Afternoon Storms

The North East Monsoon has begun.  All across the land people are turning their faces to the sky, breathing the cool, moist air.  The farmers are breathing deep sighs of relief.

We’ve had drought.  The South West Monsoon was poor.  Too often, the soils are baked hard as rock, offering little refuge for the water crashing down from above.  Flooding is reported.  In other places land-slips.

With the rain comes the wind, and the thunder and lightning.  These storms aren’t occasional romantic, bravura performances.  They build for a few hours in the heat of the middle of the day, and sweep down spitefully wherever the clouds reach saturation point.

In Colombo, they’re mostly ‘Camelot’ showers, crashing down and moving away as quickly as they came. But the paddy fields at the bottom of the hill are quenched and green.  Cranes and egrets are fishing.

Here’s the timeline of yesterday afternoon’s storm, minus sound-effects, unfortunately (The Girls were torn between following me as I shot it, and safety under the bed in the spare room, which is where Podi was later found).

Although it was short, its intensity helps explain these MMS alerts from my local news service this last week or so:

4.15 pm October 10  – A lightening strike kills a husband and wife in Medawachchiya (Anuradhapura) a short while ago.

8.20 pm October 10 – A group of local and foreign tourists are reportedly trapped on high land inside Minneriya forest due to rise of water lever after rain.  [They were rescued later that night]

October 17  – Heavy traffic reported towards Colombo and Chilaw as the Colombo Road between Kurana and 20th Mile Post is under water due to rain.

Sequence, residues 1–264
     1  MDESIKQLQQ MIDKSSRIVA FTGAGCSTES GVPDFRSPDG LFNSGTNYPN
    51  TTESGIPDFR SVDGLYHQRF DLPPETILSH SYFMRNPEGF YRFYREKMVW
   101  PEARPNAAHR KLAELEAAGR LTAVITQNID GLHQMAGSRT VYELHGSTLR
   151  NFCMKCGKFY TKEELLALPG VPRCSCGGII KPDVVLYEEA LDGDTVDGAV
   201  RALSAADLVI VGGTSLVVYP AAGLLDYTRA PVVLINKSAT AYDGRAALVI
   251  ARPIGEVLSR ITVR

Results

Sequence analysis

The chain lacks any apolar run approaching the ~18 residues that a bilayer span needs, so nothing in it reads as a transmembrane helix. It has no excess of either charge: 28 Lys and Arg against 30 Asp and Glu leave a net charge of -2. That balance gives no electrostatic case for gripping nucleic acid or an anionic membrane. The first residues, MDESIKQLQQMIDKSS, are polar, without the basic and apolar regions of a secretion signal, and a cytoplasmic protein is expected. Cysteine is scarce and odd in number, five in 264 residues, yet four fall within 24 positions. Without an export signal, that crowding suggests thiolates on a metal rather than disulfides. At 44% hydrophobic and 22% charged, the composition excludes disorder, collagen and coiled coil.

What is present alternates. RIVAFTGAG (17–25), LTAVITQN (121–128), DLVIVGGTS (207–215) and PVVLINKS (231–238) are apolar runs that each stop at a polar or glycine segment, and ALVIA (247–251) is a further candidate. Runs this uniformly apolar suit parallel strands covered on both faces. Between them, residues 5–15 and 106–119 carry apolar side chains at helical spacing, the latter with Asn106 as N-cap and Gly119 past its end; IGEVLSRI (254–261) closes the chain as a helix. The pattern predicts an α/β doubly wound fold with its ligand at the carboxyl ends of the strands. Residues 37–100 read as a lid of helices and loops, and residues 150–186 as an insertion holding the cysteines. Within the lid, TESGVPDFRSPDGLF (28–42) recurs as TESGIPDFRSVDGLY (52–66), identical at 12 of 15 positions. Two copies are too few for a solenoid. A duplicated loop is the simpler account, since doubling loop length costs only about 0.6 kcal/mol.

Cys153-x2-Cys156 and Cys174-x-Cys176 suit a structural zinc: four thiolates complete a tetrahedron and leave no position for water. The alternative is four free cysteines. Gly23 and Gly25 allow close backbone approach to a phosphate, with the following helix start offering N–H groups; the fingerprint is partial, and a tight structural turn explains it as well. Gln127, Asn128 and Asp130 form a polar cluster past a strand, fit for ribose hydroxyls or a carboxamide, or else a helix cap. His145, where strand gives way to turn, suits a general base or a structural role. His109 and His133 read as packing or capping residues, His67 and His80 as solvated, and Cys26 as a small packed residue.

October 18 –  Several roads in Colombo are under water due to rain.  Heavy traffic reported on the High Level Road from Havelock Town to Thunmulla Junction.

October 20 – Landslide risk in several up-country areas in next 24 hours including Ganga Wata Korale, Udunuwara, Yatinuwara, Pathadumbara, Hewaheta and Akurana.

October 21  – At least 14 passengers were injured when a bus skidded off the road and plunged into a cliff in Watawala this evening.

October 22  – A rescue operation is underway to rescue a two and a half year old child buried under an earth mound which destroyed the child’s house in Attanagalla.

October 22  – An earth-slip between the 201 and 203 Mile Posts on Beragala-Wellawaya Road blocking traffic.  Motorists are advised to use alternative routes.

October 23  – Heavy mist in Nuwara Eliya;  public requested to be cautious of earth-slips in hill areas.  Thunder showers likely to continue.

October 23  – Damage has been caused to a wall near the Lion’s Paw at Sigiriya following a lightning strike.  Heavy rain reported in Dambulla.